The Container ship Rena inexplicably crashed into the Astrolabe Reef, about seven kilometres north of Motiti Island, near Tauranga early on Wednesday. It is carrying 1700 tonnes of heavy fuel oil, some of which has already started to leak into the sea.

Since then, fears of a potential environment disaster have grown as the leaking oil has spread threatening wildlife, including whales, birds and seals. Indeed, Environment Minister Nick Smith was quoted as saying that the spill from the ship "had the potential to be New Zealand's most significant maritime pollution disaster in decades”. This is very disturbing news.

Oiled seabirds have already been found dead close to the Rena and more birds have been spotted in the water, covered in oil. It is also potentially disastrous for the blue whales and dolphins presently calving in the area, as well as numerous other marine species.

Response teams have so far been unable to deploy oil booms to contain the spill. The response so far as been to use a dispersant called Corexit 9500 - which is being sprayed on the water to disperse the oil. Corexit is the same chemical used in the Gulf of Mexico to deal with the oil from BP’s Deepwater Horizon spill.

Unfortunately ‘dispersal’ essentially means never cleaning up the oil. It will just stay out there and continue to pollute the marine environment. The reason being that Corexit acts like a surfactant and attracts the oil. The oil then forms globules and sinks to the bottom.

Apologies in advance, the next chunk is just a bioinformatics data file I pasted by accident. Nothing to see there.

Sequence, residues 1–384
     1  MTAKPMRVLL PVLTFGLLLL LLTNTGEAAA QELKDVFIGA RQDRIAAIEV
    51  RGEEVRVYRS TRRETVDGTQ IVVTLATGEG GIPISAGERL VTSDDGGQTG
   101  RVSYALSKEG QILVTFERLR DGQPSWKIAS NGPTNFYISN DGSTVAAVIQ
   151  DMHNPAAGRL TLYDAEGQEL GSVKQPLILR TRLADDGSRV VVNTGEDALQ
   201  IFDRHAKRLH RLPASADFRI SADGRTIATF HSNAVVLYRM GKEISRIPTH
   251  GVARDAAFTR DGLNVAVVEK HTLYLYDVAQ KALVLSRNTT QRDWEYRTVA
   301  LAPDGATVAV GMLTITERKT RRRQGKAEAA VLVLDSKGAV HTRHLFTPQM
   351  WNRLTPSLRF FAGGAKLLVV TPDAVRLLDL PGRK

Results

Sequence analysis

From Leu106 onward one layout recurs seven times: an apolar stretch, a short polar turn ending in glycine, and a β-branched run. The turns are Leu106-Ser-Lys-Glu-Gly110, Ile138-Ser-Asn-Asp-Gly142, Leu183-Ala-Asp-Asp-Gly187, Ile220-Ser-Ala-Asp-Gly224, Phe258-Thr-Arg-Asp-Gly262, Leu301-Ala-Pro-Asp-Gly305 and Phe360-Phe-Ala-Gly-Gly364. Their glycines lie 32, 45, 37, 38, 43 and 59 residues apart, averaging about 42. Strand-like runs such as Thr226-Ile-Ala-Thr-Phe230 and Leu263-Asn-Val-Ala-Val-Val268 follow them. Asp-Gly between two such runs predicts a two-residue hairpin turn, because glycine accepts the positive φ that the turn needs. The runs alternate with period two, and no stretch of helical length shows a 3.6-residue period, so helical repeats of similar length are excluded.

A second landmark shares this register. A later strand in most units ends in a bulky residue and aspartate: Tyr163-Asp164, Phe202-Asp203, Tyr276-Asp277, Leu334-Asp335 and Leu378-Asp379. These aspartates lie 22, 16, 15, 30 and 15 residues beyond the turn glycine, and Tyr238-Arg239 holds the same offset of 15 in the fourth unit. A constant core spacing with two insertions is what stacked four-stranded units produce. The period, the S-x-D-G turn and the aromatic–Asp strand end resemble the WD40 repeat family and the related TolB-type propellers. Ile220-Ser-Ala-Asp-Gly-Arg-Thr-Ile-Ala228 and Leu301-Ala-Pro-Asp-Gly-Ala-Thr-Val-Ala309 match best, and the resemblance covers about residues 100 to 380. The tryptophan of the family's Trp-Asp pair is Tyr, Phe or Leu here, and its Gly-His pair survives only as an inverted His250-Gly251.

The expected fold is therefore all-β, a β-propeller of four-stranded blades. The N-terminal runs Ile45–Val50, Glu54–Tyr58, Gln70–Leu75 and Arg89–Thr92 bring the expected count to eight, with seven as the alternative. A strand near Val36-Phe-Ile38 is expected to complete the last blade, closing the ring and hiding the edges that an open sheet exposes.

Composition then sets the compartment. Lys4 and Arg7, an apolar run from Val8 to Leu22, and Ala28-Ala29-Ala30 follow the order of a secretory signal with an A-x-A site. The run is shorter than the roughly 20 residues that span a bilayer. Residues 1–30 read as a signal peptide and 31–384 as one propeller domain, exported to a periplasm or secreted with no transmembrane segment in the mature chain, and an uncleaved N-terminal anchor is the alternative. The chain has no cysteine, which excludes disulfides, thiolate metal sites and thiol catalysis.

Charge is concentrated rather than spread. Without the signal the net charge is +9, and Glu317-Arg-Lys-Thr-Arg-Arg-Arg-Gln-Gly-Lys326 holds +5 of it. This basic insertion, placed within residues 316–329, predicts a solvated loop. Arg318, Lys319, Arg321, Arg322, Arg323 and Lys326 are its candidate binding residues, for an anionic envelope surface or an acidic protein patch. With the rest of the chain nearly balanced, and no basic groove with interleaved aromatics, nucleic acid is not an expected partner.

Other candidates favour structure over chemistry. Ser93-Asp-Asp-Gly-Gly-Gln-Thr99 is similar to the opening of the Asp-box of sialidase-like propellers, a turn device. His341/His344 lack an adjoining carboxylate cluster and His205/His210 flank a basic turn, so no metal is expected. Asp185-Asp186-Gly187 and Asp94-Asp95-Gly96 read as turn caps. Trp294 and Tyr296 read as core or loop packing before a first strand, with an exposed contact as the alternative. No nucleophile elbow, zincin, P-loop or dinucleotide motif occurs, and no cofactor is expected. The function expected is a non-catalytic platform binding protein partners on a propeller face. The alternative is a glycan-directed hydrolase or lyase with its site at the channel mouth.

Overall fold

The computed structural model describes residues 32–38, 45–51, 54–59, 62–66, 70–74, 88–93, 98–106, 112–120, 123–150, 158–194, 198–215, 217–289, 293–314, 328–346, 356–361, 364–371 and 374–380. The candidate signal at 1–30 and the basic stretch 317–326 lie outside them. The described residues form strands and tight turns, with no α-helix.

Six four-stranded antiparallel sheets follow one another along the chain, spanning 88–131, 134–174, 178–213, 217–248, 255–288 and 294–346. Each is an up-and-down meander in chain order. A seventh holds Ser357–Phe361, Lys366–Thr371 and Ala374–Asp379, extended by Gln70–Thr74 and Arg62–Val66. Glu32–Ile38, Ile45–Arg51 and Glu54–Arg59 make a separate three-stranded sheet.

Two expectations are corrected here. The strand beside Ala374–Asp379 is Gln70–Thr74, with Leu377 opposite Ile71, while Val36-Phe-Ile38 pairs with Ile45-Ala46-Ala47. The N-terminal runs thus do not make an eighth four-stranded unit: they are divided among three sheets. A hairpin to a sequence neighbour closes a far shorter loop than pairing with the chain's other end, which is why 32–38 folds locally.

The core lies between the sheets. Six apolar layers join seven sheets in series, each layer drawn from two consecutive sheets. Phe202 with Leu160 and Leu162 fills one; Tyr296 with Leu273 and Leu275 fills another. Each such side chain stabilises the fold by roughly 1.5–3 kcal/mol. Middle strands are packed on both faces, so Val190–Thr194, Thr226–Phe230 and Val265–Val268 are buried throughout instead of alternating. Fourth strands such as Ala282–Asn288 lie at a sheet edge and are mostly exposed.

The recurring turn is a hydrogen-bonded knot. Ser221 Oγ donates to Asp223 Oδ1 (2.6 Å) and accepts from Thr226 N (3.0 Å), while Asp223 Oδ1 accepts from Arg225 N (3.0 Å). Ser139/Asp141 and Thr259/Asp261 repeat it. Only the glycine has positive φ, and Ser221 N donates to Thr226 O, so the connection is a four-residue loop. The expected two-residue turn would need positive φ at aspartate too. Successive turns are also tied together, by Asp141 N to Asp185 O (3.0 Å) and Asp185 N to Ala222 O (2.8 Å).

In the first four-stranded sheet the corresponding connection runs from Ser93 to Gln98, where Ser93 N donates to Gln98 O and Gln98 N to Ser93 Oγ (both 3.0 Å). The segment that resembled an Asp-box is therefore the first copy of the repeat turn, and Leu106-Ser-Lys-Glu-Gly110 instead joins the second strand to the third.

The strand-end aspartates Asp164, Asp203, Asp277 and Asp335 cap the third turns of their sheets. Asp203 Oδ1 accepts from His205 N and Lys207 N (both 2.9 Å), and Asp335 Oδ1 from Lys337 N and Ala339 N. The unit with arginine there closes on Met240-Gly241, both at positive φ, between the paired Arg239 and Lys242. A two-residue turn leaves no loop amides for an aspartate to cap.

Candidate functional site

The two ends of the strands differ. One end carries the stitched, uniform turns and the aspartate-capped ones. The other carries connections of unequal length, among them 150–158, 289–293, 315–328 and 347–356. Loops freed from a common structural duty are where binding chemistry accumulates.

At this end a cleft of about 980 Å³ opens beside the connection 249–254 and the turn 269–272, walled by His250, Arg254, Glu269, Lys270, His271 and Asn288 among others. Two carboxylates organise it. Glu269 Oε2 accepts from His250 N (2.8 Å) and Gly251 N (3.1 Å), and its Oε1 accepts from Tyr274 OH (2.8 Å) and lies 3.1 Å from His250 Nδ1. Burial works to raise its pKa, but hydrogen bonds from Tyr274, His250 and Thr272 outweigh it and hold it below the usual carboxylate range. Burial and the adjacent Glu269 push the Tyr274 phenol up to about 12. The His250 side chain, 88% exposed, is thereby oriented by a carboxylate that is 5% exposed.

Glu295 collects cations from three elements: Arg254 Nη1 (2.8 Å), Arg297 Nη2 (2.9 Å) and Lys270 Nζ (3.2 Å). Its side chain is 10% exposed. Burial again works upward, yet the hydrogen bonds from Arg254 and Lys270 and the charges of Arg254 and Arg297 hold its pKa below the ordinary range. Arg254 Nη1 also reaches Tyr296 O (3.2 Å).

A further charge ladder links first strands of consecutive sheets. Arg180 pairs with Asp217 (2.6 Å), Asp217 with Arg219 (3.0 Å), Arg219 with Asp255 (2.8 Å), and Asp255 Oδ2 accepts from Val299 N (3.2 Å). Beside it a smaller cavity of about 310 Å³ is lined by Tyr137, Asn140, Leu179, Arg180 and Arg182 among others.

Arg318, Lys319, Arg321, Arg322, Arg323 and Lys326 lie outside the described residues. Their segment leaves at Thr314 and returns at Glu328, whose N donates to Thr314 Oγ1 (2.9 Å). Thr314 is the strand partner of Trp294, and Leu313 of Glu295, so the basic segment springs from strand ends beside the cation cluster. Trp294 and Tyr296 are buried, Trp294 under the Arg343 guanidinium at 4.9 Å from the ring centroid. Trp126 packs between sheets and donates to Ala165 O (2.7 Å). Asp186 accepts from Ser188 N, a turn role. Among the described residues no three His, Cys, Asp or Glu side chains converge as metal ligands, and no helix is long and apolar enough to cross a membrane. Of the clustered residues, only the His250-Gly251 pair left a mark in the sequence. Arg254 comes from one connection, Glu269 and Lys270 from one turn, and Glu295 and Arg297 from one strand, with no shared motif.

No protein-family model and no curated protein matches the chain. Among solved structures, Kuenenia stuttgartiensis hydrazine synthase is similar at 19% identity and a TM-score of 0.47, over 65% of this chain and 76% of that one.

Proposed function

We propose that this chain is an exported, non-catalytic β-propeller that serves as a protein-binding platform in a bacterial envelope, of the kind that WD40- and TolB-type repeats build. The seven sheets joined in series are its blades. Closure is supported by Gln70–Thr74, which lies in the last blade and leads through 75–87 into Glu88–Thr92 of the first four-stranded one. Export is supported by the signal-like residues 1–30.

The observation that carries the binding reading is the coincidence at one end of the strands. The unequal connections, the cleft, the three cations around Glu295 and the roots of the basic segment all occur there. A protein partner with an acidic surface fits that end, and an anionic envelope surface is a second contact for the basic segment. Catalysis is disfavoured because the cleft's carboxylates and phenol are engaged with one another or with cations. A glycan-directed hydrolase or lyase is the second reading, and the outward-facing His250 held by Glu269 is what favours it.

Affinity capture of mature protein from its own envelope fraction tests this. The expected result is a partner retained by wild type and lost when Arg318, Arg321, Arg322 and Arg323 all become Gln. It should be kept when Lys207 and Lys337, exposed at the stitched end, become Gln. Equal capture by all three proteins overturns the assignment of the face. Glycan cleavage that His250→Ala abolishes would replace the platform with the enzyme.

Some studies have shown that Corexit 9500 is four times as toxic as the oil itself. Both are now going into the ocean water. It’s not a good situation.

As the authorities battle to get the spill under control and mitigate against the worst environmental effects, we also hope that this incident gives the Government pause for thought with regards to it’s deepwater oil drilling plans. This accident is an unfortunate reminder of just how difficult it is to deal with oil spills at sea. It's a slow spill in a relatively accessible place, and the weather and sea conditions have been favourable yet even so, it is testing NZ's response capability to the limits.

It’s shaping up to be a significant disaster but, bad as it is, it will be a walk in the park compared to what would happen if we had a Deepwater Horizon type spill.

Greenpeace has offered Maritime NZ the support of our inflatable boats, experienced drivers and volunteers to assist in the oil clean up and the New Zealand Wildlife Health Centre is calling for volunteers to assist in the recovery and rehabilitation of oiled wildlife but as yet there is little anyone can do.

Despite the best intentions, the oil spill response team in Tauranga will not be able to do enough. There is no ‘enough’.

The tools we have to respond to oil spills are orders of magnitude too small to combat the damage they do.

We can’t fix oil spills; we can only prevent them. And we can only prevent the really catastrophic spills by saying no to deep sea oil drilling.